However, another Christian teacher in the same school district has a very different take on the religion issues in regards to constitutionality. James Kendall said, “From my understanding…the current court precedent is that it does not violate church-state issues. My personal view is that the parent is the primary educator of the child. The vast majority of parents choose to send their kids to public education. But the parents have the prerogative to teach their kids through home school, charter school, or religious-based school. The voucher program is the government stepping in to assist parents in being the primary educator of their children.”
Scott Gant, a teacher who taught in both public schools and at a Christian private school in Indiana, spoke out in even stronger terms against those raising the religion issue: “Separation of church and state is not a phrasing in the Constitution. It’s a highly charged, politicized phrase that is a red herring. As long as they are being taught what the state requires to be taught, and parents are choosing their school, then the government isn’t forcing religion.”
One of the reasons Catholic institutions have become so popular for the voucher program is that they have a much higher percentage of schools officially accredited. Also, most secular and Protestant private schools aren’t as established as their Catholic counterparts. However, as more parents learn about these vouchers, you might see more students trying some of the non-Catholic private school choices.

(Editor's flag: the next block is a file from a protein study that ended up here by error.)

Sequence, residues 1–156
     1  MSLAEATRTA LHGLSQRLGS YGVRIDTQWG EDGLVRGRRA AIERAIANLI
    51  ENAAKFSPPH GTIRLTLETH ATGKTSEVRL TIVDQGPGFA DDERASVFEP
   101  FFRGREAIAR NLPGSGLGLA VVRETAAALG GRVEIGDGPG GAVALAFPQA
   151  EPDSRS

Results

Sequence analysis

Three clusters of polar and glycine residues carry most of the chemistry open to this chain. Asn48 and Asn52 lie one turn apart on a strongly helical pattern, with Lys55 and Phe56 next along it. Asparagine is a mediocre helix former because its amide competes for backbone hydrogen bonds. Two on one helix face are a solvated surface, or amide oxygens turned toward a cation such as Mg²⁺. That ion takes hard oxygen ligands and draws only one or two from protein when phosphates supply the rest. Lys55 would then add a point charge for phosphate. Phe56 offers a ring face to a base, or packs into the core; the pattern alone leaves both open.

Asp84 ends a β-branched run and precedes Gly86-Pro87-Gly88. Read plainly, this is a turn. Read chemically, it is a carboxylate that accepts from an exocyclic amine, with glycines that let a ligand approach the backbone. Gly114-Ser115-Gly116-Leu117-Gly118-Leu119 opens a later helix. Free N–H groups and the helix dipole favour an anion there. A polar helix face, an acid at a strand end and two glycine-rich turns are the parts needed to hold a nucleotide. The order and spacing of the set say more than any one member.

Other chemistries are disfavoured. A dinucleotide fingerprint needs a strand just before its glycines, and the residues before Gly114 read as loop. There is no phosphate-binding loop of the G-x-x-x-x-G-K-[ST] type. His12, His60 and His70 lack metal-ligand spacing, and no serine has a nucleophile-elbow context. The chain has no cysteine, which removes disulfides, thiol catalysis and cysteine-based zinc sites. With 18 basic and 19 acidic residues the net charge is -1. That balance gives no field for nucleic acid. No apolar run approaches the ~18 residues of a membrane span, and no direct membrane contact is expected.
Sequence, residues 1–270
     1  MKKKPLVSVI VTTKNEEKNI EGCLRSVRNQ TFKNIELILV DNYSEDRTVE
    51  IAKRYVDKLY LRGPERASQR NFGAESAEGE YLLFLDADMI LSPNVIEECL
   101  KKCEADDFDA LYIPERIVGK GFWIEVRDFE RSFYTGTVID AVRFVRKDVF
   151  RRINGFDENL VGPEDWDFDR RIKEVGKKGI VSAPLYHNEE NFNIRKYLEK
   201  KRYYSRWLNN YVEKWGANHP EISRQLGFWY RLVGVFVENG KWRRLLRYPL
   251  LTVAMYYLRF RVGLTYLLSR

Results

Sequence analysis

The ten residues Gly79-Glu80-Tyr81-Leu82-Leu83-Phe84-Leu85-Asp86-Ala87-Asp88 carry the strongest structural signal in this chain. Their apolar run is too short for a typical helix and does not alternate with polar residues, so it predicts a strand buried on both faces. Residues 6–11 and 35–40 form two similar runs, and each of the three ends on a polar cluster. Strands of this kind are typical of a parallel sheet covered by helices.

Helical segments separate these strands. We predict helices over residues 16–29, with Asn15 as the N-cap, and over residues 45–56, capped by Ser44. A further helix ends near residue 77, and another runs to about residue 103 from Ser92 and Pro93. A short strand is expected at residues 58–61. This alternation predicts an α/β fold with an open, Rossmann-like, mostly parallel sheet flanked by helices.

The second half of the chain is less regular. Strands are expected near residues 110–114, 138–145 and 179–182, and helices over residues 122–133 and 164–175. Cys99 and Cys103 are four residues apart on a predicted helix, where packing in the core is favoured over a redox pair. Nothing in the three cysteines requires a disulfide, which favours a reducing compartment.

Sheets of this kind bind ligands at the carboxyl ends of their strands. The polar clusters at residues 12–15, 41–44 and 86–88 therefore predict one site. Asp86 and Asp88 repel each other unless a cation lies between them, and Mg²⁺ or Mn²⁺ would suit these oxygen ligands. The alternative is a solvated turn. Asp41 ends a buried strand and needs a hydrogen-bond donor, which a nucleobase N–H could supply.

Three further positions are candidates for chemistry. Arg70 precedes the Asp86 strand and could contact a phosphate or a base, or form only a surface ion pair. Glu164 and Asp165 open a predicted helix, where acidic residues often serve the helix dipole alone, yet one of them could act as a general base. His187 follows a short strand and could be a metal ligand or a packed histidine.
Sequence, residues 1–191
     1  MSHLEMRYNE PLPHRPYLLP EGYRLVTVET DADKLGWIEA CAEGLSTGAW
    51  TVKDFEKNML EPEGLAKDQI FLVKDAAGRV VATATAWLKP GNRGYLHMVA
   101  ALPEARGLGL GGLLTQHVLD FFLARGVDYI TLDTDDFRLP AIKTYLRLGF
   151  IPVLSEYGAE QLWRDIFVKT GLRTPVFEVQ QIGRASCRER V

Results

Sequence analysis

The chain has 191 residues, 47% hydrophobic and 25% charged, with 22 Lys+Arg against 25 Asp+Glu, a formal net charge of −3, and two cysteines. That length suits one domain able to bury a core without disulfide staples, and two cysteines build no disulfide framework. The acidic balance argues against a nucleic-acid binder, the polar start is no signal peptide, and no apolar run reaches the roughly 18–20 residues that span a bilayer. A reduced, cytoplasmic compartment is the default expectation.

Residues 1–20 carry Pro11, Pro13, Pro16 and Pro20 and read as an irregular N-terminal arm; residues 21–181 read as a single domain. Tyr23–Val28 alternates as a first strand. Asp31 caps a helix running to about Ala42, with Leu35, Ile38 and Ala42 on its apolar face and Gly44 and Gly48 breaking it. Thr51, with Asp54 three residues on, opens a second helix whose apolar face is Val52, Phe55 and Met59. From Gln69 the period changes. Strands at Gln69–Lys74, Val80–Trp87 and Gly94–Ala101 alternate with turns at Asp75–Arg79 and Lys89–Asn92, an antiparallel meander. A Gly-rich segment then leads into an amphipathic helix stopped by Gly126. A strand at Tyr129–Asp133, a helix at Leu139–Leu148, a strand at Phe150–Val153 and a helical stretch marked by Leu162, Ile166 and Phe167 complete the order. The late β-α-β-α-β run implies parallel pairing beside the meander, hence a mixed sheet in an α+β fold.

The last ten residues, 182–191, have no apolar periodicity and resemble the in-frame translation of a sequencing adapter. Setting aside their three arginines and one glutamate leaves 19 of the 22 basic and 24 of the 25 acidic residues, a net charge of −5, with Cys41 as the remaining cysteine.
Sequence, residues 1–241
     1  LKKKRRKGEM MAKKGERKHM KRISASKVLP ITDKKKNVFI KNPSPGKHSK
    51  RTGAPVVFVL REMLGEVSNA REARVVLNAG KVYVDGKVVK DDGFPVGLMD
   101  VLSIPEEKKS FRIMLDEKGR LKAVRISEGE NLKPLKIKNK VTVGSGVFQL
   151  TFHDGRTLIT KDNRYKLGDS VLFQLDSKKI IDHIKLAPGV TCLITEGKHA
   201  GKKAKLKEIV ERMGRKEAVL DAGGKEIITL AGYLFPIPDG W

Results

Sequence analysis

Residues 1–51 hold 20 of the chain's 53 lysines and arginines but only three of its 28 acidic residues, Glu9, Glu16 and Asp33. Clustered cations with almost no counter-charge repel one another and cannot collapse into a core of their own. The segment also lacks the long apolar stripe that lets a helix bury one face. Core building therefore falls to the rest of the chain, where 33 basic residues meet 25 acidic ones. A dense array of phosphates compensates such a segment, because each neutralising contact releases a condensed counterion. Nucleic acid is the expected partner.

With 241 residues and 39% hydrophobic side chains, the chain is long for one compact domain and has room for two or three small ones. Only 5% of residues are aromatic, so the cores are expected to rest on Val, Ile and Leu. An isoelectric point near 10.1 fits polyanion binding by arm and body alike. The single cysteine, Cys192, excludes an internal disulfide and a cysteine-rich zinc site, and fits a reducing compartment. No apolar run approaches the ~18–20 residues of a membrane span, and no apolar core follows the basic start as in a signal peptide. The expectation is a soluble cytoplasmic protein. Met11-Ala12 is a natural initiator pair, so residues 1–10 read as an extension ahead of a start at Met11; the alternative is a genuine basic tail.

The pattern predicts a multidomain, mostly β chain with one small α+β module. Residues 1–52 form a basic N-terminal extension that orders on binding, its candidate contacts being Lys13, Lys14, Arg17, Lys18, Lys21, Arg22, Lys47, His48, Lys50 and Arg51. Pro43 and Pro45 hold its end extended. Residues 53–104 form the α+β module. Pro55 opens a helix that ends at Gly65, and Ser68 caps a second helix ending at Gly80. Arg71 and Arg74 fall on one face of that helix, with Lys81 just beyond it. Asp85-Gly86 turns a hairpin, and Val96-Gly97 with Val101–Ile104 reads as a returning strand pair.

While the exodus from public to private schools is mostly felt in urban areas, even some smaller school districts have seen an increase in Catholic school numbers. So far the numbers leaving public schools is such a small percentage compared to the whole that some school districts aren’t even noticing it. Yet to small Catholic and other private schools, an increase in 10-30 students is huge and can mean new teachers being hired. Kendall said,
No one that I know of (in Vigo County) public schools has mentioned numbers down because of the voucher program. But I have heard Catholic schools in the area are growing from the new voucher program.
Sara Guth, principle of St. Bernard School in Rockport, has said the voucher program was an answer to prayers and that the school has been inundated with calls from parents ever since the voucher program passed. The principal of Bethany Christian School in Goshen said they have 26 new students and have hired a new part time teacher. Holy Family in South Bend, according to their principal, has 25 new students and hired two new teachers.